Slightly off topic - and not a sailboat - but I thought the folks here would like this since we were talking about sheerlines and ducks. And the boat has an interesting story.

Valley Sea Kayaks Anas Acuta - 17'2" x 20" This one (mine) built 2004. The Anas was the first boat Valley built starting back in 1973 and it is still in production, giving it the longest production run of any kayak (that held a lot of weight for me when I was looking for a kayak). Except for the shape of the deck around the cockpit, the deck rigging, and of course the fact that it is fiberglass, this boat is essentially an exact copy of an East Greenland skin-on-frame kayak. The boat is very low volume, and with the chines it carves turns like no other kayak, the only way I can describe it is that it's like skiing, as soon as you put pressure on an edge, the boat just turns. I drive tour customers crazy because they have no idea how I am steering the boat. "Where's the rudder?" They don't like it when I tell them the boat doesn't have a rudder, just a retractable skeg to counteract weathercocking. Because of the large amount of rocker the boat isn't terribly fast but it is rock solid in big waves and surfs very easily.

The pointy stern was a feature of many East Greenland kayaks. I'm not sure if it had any purpose. At any rate, 'Anas Acuta', which is the model name of the boat, is the Latin (scientific) name for the pintail duck - which brings me back to why I thought of the kayak when we were discussing sheerlines and pointy sterns. (Valley also makes a round-bilge version called a Pintail) This is obviously not anything even close to a planar sheer and is a very skinny boat but it is interesting to see how much sheer there still is.

Color scheme on this one mimics the Blue Angels. I got lucky, this was a stock boat!
Posted Image
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Posted Image

#39 Rasputin22

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Posted 17 November 2012 - 04:07 AM

Cap10:
Before the days of computer generated lines and 3d modelling you could draw a 3D perspective by hand if you wanted to go to that trouble and it was an arduous chore to do it accutately. Or, you could just teach your eye over time to adjust shapes in 2D to translate the the desired shape in 3D. There are a few rules of thumnb that I used, one being that sheer on the actual boat will always appear flatter than the sheer on the drawing. Now to what degree flatter? There lies the problem and it takes an experienced eye to choose the right sheer. Some times I got it right. I look at the work of a lot of other designers and I think that they have no clue as to that correlation. But the good designers figured it out. I was having my lines rendered in 3D as early as 1974. The Valiant 40 lines were rendered in 3D only after I was committed to that shape.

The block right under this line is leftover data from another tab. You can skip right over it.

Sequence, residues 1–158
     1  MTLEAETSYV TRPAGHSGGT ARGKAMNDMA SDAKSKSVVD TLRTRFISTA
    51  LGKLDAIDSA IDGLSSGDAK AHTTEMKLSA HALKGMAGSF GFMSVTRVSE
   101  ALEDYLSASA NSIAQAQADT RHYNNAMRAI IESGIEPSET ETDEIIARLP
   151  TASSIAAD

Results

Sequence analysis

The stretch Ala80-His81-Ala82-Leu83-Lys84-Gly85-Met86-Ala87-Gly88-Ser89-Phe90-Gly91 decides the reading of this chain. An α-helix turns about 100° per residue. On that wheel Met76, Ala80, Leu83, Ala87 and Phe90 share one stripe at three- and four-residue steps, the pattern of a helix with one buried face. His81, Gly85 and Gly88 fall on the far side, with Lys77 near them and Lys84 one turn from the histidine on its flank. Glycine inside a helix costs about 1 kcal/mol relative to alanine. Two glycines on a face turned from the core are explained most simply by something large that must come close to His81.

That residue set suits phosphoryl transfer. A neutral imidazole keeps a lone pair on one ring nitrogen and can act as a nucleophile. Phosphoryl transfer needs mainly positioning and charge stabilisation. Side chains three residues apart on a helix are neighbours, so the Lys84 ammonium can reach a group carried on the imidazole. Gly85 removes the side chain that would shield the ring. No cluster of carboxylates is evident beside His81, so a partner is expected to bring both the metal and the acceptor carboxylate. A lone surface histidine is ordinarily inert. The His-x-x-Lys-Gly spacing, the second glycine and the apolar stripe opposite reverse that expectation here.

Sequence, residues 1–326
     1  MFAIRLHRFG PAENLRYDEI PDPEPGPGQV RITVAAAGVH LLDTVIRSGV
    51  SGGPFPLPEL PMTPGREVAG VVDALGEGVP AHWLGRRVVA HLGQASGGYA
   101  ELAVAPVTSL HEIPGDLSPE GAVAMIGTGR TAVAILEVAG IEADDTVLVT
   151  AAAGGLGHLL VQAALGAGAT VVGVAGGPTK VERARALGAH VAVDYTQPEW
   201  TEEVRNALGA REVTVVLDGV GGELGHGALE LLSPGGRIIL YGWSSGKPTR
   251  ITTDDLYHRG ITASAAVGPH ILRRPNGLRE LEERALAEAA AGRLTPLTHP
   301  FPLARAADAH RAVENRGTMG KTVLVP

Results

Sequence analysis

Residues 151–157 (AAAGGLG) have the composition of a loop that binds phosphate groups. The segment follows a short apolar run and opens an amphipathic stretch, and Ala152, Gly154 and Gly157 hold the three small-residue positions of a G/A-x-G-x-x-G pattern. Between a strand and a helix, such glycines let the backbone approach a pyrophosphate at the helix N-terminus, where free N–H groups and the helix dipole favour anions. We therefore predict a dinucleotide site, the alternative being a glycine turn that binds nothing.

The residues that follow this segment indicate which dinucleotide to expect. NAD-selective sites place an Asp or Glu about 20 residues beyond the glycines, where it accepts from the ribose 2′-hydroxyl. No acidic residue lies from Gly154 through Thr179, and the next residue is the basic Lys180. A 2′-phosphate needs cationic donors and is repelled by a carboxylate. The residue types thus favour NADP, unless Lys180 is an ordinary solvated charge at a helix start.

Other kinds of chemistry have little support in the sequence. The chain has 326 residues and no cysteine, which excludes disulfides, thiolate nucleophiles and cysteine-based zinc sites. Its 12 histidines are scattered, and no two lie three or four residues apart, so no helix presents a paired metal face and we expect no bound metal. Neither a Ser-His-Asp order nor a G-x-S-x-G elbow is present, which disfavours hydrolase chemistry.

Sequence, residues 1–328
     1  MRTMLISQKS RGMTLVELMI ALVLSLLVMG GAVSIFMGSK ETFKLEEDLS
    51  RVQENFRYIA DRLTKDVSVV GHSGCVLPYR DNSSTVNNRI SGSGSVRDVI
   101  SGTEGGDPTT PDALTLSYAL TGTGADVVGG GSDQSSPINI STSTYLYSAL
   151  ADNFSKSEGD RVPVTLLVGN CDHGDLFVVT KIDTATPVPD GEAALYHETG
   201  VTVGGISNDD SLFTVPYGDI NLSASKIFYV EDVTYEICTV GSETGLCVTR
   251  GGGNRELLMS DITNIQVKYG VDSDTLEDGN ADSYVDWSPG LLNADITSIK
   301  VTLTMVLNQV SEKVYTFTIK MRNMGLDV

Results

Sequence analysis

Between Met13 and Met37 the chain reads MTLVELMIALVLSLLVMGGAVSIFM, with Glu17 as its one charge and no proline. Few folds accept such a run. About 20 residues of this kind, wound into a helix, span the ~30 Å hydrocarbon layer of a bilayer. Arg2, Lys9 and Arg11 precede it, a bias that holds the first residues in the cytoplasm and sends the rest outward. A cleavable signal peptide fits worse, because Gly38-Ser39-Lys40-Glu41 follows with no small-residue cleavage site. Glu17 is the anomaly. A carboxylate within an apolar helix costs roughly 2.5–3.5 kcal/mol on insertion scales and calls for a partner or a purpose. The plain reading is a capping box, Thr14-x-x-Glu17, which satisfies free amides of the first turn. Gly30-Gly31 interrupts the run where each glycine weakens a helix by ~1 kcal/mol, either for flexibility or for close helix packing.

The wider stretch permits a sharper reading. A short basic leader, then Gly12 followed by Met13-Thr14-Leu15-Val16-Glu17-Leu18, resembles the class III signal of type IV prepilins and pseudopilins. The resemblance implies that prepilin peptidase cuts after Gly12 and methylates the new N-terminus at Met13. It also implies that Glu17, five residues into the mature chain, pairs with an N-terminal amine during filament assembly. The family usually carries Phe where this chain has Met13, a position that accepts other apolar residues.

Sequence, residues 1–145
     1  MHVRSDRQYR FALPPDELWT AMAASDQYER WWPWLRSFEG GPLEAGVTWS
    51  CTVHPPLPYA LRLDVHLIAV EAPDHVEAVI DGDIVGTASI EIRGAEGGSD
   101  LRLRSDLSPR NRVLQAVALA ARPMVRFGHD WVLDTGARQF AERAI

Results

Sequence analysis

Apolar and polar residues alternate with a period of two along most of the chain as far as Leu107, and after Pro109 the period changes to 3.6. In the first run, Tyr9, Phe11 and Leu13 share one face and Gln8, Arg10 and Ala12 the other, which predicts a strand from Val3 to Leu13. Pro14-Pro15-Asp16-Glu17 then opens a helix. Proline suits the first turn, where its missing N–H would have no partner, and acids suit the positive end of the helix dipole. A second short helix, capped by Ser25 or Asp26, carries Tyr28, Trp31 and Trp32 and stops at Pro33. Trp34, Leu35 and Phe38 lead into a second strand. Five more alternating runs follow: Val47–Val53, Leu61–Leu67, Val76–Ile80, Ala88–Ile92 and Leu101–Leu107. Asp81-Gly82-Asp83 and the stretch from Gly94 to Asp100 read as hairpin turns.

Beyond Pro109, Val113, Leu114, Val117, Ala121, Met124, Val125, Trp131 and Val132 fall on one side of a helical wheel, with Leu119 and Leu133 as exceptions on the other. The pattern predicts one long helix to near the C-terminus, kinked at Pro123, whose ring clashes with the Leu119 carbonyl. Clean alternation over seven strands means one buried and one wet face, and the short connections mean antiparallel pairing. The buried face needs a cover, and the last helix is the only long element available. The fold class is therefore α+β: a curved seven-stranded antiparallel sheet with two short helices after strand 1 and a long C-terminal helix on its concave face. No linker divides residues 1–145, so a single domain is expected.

Yes, I have gone back and reproduced my hand drawn lines on the computer. But I tried to stay faithful to the original shape and ignore the impulse to "correct" the shape. I did this with the Nordic 44. Here is the sail plan. The hull lines are reproduced in my book.


Here is one of my favorite and inspiring 'old school' 3d perspective drawings that is just a work of art. I feel guilty using the software tools in my 3d work when I see such talent using nothing more than a brain, hand and eye. Humbling...

http://blog.tadroberts.ca/2011/07/william-garden/

#40 olaf hart

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Posted 17 November 2012 - 04:52 AM

Just as well I had an hour to spare.
Tads Blog is amazing.

#41 slap

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Posted 17 November 2012 - 05:07 AM

Slightly off topic - and not a sailboat - but I thought the folks here would like this since we were talking about sheerlines and ducks. And the boat has an interesting story.

Valley Sea Kayaks Anas Acuta - 17'2" x 20" This one (mine) built 2004. The Anas was the first boat Valley built starting back in 1973 and it is still in production, giving it the longest production run of any kayak (that held a lot of weight for me when I was looking for a kayak). Except for the shape of the deck around the cockpit, the deck rigging, and of course the fact that it is fiberglass, this boat is essentially an exact copy of an East Greenland skin-on-frame kayak. The boat is very low volume, and with the chines it carves turns like no other kayak, the only way I can describe it is that it's like skiing, as soon as you put pressure on an edge, the boat just turns. I drive tour customers crazy because they have no idea how I am steering the boat. "Where's the rudder?" They don't like it when I tell them the boat doesn't have a rudder, just a retractable skeg to counteract weathercocking. Because of the large amount of rocker the boat isn't terribly fast but it is rock solid in big waves and surfs very easily.

The pointy stern was a feature of many East Greenland kayaks. I'm not sure if it had any purpose. At any rate, 'Anas Acuta', which is the model name of the boat, is the Latin (scientific) name for the pintail duck - which brings me back to why I thought of the kayak when we were discussing sheerlines and pointy sterns. (Valley also makes a round-bilge version called a Pintail) This is obviously not anything even close to a planar sheer and is a very skinny boat but it is interesting to see how much sheer there still is.